British first ascents in remote area of east India Himalaya

Posted by Lindsay Griffin on 24/11/2014
Cheepaydang from the south, showing the route of ascent. Martin Moran.
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An expedition organized by Martin Moran, and including a group from the Scottish Mountaineering Club, made the first ascent of Cheepaydang, the second highest mountain in India's remote Adi Kailiash Range, and a smaller peak named Concordia Parbat.

The Adi Kailash lies in the far east of India, close to the Nepalese border, and ca 110km south of the famous holy Mount Kailash in Tibet.

This expedition was the fourth organized by Moran.

In 2002 a number of smaller peaks were ascended and Adi Kailash (5,045m) attempted to within 130m of the summit. Two years later Adi Kailash was climbed to within 15m of its sacred summit by an eight-member group led by Andy Perkins.

In 2006 Moran returned to attempt Brammah Parbat (6,321m), the highest peak. However, the State Government refused access to this mountain and instead, with six team members, Moran made the first ascent of Ishan Parbat (6,100m).

The expedition also took the opportunity of reconnoitring the Nama Valley.

This autumn Moran established base camp at 3,990m in the Nama Valley, which gives access to the south side of Cheepaydang (Peacock Peak).

The mountain has three summits, with the central the highest. The tops are linked by a knife-edge ridge, which overlooks an impressive 1,000m face to the north.

Over two days, Michael Page, Gordon Scott and Moran climbed a slanting snow/ice couloir on the south face at 60° and Scottish IV mixed. They bivouacked at 6,160m on the southwest ridge and reached the highest point - measured at 6,220m - via a short ridge traverse of AD.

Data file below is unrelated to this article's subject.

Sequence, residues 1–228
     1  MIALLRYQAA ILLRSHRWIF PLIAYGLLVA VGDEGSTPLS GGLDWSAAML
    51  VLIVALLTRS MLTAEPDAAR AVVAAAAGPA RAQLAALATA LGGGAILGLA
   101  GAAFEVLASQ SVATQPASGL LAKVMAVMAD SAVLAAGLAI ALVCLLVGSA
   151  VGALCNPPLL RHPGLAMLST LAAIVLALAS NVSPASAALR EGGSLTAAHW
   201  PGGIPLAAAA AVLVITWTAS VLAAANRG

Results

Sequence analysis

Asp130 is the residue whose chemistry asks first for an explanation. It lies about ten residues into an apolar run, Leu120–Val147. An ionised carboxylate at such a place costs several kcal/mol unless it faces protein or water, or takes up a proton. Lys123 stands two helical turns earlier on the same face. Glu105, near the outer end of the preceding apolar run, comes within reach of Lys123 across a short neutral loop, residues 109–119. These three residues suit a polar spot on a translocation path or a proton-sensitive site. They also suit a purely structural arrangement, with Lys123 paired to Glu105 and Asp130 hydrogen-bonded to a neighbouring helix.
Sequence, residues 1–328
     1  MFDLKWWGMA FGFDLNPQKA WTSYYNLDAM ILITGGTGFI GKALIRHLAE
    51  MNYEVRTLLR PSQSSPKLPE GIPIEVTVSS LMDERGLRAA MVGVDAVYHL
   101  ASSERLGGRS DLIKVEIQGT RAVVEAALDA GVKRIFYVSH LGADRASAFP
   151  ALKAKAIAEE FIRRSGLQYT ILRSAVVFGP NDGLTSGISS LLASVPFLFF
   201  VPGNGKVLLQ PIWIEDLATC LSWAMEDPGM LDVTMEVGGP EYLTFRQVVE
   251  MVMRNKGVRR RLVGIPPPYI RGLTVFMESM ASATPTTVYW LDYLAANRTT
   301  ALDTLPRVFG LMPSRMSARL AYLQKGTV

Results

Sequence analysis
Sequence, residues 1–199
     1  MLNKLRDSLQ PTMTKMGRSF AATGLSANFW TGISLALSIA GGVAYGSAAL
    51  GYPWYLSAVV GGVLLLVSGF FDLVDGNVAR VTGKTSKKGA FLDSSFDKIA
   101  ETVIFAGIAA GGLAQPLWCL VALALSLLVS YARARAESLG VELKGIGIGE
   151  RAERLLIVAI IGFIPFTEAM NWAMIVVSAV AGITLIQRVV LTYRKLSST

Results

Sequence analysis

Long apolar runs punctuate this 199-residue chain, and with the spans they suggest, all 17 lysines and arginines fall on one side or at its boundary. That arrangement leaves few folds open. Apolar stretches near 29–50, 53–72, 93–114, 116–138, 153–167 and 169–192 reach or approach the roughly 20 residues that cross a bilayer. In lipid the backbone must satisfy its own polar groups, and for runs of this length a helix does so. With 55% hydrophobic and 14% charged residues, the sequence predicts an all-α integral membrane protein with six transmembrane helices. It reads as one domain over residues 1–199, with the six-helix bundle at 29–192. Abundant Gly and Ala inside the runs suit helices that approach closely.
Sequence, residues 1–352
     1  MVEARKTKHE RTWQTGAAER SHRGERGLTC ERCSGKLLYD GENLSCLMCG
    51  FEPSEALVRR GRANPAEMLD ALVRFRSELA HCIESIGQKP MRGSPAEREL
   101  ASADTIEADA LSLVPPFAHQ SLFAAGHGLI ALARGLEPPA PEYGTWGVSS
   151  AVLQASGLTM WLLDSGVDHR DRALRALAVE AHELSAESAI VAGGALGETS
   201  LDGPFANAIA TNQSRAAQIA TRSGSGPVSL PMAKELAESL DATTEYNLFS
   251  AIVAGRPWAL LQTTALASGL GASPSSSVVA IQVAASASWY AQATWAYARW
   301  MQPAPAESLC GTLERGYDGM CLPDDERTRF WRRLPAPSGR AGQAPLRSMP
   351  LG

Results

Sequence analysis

They then descended the couloir through the following night, largely by rappel. The overall difficulty was D.

In the meantime SMC members Steve Kennedy and Des Rubens were making the first ascent of an unnamed peak southwest of the col at the head of the north branch of the Nama Glacier.

The glacier approach proved crevassed and complex, but together with two Sherpas the pair found a safe route to the col.

The Sherpas decided to wait at this point: they had brought no ice axes, probably not understanding there would be technical climbing above.

Kennedy and Rubens followed a fine, steep and exposed snow arête to the southwest, crossing moderate rock below the summit.

They had no altimeter, but estimated the height to be 5,850m and the route about AD in standard.

They were rewarded with a magnificent view which included the giant peaks of Nanda Devi to the west and Gurla Mandata to the northeast in Tibet.

Returning to the col, they were sorry that the two Sherpas had been unable to share the success, though the latter did not seem overly disappointed.

The peak was provisionally named Concordia Parbat, as the many-branched Nama Glacier cirque resembles the "Concordias" of the Alps and Karakoram.

Apart from the administrative difficulties of penetrating this area, the main deterrent is the poor quality of underlying rock.

It is a beautiful range for exploratory climbing but despite a large number of mountains above the Nama Glacier, moderate or safe lines appeared quite limited.



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Anonymous User
23/12/2014
Clearly not the eastern part of India-but the eastern part of the western section of the Indian Himalaya because it's just north of New Delhi.

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